Criminals take to spying on each other

Criminal gangs have been using their own spying tools on rival operators and fitting counter- surveillance equipment to avoid being detected.

Both gardaí and customs officers have discovered privately fitted devices in the course of their investigations.

In the case of the gardaí, a criminal who was to be the subject of a Garda spying operation, was also being trailed by an unknown third party.

The second tracking device had nothing to do with gardaí and confirmed concerns about the availability of this type of equipment on the open market.

Customs officers at the Revenue Commissioners had a different experience when a target they wanted to track had equipment aimed at thwarting investigators.

In this case, the officers wanted to follow a container. The jamming device did not stop Revenue officials from keeping tabs on the journey of the container, but it blocked the transmission of the sound recordings the devices was able to pick up.

As sign of the effort to counter this type of technology, in Feb 2011 the Communications Regulator outlawed the use or importation of devices designed to jam signals.

It is now against the law to use, import, or hire technology designed to interfere, interrupt, or block an electronic signal.

This activity has been in addition to other techniques used by criminals to foil surveillance operations. This includes buying a large number of SIM cards to allow one-off phonecalls and the purchase of scanning devices to detect transmitters planted by the security forces.

Spy games

Where does casual surveillance end and spying begin? These are the guidelines on when a person’s privacy is liable to be intruded.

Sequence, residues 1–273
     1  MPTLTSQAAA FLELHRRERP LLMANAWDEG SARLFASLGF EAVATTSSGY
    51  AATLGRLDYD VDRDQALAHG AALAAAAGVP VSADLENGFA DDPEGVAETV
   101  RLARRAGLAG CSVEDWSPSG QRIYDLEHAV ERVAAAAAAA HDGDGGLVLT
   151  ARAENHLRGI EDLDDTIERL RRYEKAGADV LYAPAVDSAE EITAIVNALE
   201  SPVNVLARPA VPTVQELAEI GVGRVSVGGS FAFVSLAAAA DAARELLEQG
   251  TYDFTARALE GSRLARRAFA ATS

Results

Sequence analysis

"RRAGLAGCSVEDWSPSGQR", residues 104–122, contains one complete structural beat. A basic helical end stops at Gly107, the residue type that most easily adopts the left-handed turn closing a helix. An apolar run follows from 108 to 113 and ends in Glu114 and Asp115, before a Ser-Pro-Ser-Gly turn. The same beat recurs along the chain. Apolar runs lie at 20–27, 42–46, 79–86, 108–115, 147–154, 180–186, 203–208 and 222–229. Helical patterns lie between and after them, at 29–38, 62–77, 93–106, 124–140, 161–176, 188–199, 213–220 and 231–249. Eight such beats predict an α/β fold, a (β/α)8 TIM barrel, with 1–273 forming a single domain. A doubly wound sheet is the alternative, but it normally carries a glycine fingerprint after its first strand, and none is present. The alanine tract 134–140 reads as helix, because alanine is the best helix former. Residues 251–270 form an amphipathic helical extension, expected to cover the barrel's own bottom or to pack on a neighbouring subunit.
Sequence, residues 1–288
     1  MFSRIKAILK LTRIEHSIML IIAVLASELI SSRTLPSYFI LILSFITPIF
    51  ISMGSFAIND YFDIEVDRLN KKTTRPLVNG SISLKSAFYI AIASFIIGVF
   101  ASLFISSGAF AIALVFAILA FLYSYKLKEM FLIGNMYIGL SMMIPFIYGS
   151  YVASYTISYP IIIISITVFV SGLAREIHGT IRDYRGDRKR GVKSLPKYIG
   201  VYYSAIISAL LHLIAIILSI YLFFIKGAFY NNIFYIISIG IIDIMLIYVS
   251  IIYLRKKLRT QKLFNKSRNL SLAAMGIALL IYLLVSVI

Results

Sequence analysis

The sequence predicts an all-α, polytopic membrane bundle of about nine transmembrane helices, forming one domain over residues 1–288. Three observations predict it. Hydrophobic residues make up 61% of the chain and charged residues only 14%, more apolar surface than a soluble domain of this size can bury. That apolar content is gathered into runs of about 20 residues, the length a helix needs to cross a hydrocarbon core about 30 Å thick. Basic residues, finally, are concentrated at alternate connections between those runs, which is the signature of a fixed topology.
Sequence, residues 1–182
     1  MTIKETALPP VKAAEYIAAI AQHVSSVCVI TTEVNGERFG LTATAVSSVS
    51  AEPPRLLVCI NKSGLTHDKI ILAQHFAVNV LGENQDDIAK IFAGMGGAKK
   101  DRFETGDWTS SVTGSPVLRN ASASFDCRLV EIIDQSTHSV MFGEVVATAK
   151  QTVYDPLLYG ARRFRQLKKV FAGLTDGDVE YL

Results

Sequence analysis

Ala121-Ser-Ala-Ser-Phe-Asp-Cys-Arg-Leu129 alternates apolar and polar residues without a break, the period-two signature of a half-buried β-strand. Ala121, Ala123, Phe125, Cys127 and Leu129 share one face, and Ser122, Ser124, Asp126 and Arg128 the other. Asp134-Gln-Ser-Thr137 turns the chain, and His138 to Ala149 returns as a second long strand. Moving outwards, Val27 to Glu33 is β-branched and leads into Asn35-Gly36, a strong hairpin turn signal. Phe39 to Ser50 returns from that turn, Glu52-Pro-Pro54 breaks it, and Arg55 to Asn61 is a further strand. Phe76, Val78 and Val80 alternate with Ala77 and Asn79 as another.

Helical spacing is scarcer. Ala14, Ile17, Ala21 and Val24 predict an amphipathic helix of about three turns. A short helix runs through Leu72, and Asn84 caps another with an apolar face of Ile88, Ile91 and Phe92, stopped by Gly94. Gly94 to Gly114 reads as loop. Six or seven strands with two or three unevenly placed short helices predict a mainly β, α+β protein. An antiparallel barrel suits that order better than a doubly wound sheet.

* A person’s house is on a public road: It can be pictured without permission for surveillance.

* A person’s house is not on a public road: It cannot be photographed without surveillance permission.

* A car is parked in a private residence: It cannot be pictured without permission for surveillance.

* A car is leaving a private residence, driving on to a public road: It can be pictured without permission for surveillance.

* A person is visiting a private residence but is walking towards it on a public road: They can be pictured without permission for surveillance.

* A person is standing in a private garden, a driveway, or in a house: They cannot be pictured without surveillance permission.

* A person is coming through an airport: They can be pictured without permission for surveillance.

* A person is leaving or arriving at a business premises the public have access to: They can be pictured without permission for surveillance.

* A person is entering a private business from a public road: They can be pictured without permission for surveillance.

* A person is standing in a business’s private yard or driveway, or is inside the building: They cannot be pictured without permission for surveillance.

* A person is in the back office of an otherwise public business: They cannot be pictured without permission for surveillance.

For more in this special investigation, click here.


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